Fall is for planting Vegetables

Fall is for planting Vegetables

Why Continue Your Victory Garden 2.0 into the Fall …

Hopefully, you are now harvesting those delicious tomatoes, peppers, and summer squash from your Victory Garden 2.0. What a great and satisfying feeling!

As the cool autumn season begins its descent, you may think that the gardening season is over until next summer. But not so fast…Fall is the perfect time of year for planting cool weather crops!

Fall planting not only extends your garden season but also brings on those delicious crops that do best in the cooler weather, often tasting their best after a frost or two. There are usually fewer pests to worry about, less watering, and less sweat in the cooler fall months!

So get ready to plant your Victory Garden 2.0 Fall Edition!

Tips To Planning Your Fall Vegetable Victory Garden 2.0

  1. Find your average first frost date.

    Take a moment and check out this Average First Frost Map to see when you can expect your area’s first frost. This way you can decide when to plant your fall crops, if you have the time to plant, and if you will need additional protection.

  2. Check “days to harvest” on each crop.

    If you are planting seeds, the package will include “days to harvest” information. Check this number and count back from your average first frost to see if you really have time to plant and harvest the vegetables. Another way is to check this handy Fall-Harvest Planting Calculator that calculates from your “frost-free days” and tells you when to plant typical fall crops in your area.

  3. Make some room in your garden.

    Remove those spent vegetable plants that have stopped producing, or are diseased, to give your garden some additional room.  Try Foodscaping and add your fall crops to your landscape by removing spent annuals or cutting back leggy perennials for space.  Kale, spinach, mustard, and many fall crops will bring a new fall-inspired look to your landscape or even containers.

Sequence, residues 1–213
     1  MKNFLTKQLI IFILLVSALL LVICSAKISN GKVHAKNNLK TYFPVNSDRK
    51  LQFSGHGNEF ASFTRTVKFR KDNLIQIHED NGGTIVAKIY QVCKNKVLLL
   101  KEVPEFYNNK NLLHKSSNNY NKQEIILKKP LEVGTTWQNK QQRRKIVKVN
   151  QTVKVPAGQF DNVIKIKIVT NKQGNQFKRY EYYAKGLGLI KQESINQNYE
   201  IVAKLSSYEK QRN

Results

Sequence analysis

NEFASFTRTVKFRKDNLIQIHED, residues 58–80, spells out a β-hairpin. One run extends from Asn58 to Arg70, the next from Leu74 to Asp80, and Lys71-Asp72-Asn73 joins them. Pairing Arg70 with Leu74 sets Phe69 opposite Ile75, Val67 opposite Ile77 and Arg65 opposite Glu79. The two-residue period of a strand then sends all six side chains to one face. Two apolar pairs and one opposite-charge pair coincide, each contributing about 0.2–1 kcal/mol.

4. Look for plants too.

    Many garden centers will now have plants in stock for fall planting. In addition to starting your fall garden from seed, look to purchase some fall plants as well. Brussel sprouts, broccoli, and cauliflower are often easier to grow and mature from transplants rather than seeds.

  5. Water and keep cool.

    One of the biggest challenges for starting your fall vegetable garden in the hottest part of the year is keeping the seeds watered and cool. Remember to keep the seeds moist by watering often and be sure to put down mulch. If the heat and sun get too extreme, add a lightweight summer fabric like this from NGB member Gardener’s Supply Company.

Beginner Tip for the New GardenerDon’t be afraid to get rid of non-performing or underperforming plants. Toss them to make room for new plantings and you’ll be rewarded with fresh and tasty vegetables this fall.

12 Fall Vegetable Crops to Plant for a Delicious Harvest

Beet Gourmet Blend - 52-60 days

Beet 5 color Gourmet Blend
Harvest: 52-60 days

Bok Choi Bopak for your Victory Garden 2.0 Fall Planting

Bok Choi Bopak
Harvest: 60 days

Cucumber Green Light for Victory Garden 2.0 Fall Planting

Cucumber Green Light
Harvest: 37-42 days

Greens Cheap Frills Mix for your Victory Garden 2.0 Fall Planting

Greens Cheap Frill Mix
Harvest: 21 days

Kale Garden Blend for your Fall Garden

Kale Garden Blend
Harvest: 60-80 days

Kale Redbor for the Victory Garden 2.0 Fall Planting

Kale Redbor
Harvest: 50 days

Kohlrabi Beas grows well in your Victory Garden 2.0 Fall Garden

Kohlrabi Beas
Harvest: 42 days

Lettuce Blushed Butter Oak perfect for your Victory Garden 2.0 Fall Planting

Lettuce Blushed Butter Oak
Harvest: 50 days

Lettuce Jara for your Victory Garden 2.0 Fall Planting

Lettuce Jara
Harvest: 55 days

Mustard Osaka Purple for Victory Garden 2.0 for Fall Planting

Mustard Osaka Purple
Harvest: 21 – 45 days

Spinach Tundra is perfect for Victory Garden 2.0 Fall Planting

Spinach Tundra
Harvest: 40 days

“This post is provided as an educational/inspirational service of the National Garden Bureau and our members. Please credit and link to National Garden Bureau and author member when using all or parts of this article.”

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